Paul’s work in Super Human is Midas, a visual and sonic installation.
Touch the small gold square on the plinth in the space at RMIT Gallery that houses Midas, and strange things happen. On the wall, a projection of the surface of the gold square – enhanced to the size of a wall –appears to grow with your touch. At the same time, a booming sound belches out, as the spot ignited by your touch blooms.
This is Midas, an installation by Paul Thomas which examines the transition phase that occurs at the nano-level between skin and the materiality of gold. Thomas collaborated with Kevin Raxworthy to develop the visualisation for the work.
“The Midas project draws an analogy to the curse of the fabled Midas, King of Phrygia, to whom Dionysus gave the power of turning all that he touched into gold,” Thomas said.
“This gift soon changed from the King’s pride to a curse, as even his food and drink were transformed into the precious metal. The King lost his ability to sustain himself emotionally and physically.”
Midas is a visual and sonic installation that amplifies certain aspects of experience at a molecular level. It utilizies subsonic speakers to make the data from the atomic vibrations audible and palpable.
Midas is based on research developed at SymbioticA and the Nano Research Institute at Curtin University of Technology.
Thomas analyzed data recorded with an Atomic Force Microscope (AFM) in order to visualize the transference that occurs when humans touch a material.
“Nanotechnological advancement is forcing us to rethink the way that we comprehend and engage with the material world,” Thomas said.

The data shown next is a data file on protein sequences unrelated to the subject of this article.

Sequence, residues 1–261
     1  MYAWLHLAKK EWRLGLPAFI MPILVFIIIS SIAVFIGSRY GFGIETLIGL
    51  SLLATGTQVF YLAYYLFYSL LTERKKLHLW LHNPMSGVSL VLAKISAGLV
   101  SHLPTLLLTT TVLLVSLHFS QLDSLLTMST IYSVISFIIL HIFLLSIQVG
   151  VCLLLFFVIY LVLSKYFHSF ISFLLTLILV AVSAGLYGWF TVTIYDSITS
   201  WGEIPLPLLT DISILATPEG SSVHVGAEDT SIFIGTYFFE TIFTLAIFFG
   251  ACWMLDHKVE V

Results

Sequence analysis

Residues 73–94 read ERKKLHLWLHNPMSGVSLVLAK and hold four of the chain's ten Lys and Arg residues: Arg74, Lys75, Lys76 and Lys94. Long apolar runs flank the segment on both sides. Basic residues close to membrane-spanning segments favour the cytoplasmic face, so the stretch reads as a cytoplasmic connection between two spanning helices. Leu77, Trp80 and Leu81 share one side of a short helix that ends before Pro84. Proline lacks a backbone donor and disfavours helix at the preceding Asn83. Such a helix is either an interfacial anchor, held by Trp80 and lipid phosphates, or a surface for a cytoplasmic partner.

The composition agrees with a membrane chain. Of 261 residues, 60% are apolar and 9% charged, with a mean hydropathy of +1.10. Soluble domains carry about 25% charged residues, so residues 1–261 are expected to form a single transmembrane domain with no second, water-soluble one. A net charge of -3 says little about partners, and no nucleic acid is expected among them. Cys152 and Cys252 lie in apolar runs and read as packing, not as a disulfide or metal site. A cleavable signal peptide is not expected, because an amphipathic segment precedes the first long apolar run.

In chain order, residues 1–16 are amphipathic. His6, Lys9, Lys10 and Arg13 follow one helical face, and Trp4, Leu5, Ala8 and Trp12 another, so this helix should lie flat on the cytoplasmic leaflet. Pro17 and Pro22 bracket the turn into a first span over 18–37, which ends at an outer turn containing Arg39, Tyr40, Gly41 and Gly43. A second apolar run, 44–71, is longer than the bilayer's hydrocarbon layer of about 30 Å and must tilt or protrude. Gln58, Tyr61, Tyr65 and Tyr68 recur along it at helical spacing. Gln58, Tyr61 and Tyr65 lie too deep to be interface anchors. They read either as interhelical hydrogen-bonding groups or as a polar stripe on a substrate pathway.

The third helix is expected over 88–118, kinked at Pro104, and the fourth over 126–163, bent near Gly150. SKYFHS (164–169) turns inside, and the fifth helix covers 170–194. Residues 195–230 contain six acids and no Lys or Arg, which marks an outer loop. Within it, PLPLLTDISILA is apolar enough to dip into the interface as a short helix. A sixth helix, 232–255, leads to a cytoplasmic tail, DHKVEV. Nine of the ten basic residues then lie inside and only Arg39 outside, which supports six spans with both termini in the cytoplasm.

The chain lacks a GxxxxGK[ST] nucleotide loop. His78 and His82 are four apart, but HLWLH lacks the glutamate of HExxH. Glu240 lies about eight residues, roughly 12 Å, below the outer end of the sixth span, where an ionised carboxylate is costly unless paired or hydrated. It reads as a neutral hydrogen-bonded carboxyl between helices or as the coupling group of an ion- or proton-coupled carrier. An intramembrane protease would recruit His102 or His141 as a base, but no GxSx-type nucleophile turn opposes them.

“As our perceptions of space are reconfigured through nanotechnologies, one of the most challenging investigations is that of spatial boundaries at the nano level.
“What is being broken down is our human understanding of the body’s territory; our conscious construction of the nature of being.”
Thomas is Director of the Centre for Research in Art, Science and Humanity at Curtin University of Technology and was previously Artistic Director of the Biennale of Electronic Arts Perth (2007). He has been working in the electronic arts since 1981, when he co-founded the group Media-Space.
As an artist working with technology, Thomas said that the most important thing that he considers when creating a new work is authentic research and relevance to concept.
“Scientific research is very important, but so too is the ability to reflect on the scientific data and imagine,” Thomas said.
“Technology is inscribed on our body, now it is part of being human.”
He said that the technical challenges he faces in working in the cutting edge of art and technology give him new insights into the construction of the work and the refinement of the concept.
“I am interested in bringing science and culture together for reflection,” Thomas said.
“I explore ideas of what constitutes the humans physical boundaries in this work.”
For media enquiries, photos and interviews with artists, contact RMIT Gallery Media Coordinator Evelyn Tsitas at RMIT Gallery
Tel: +61 3 9925 1716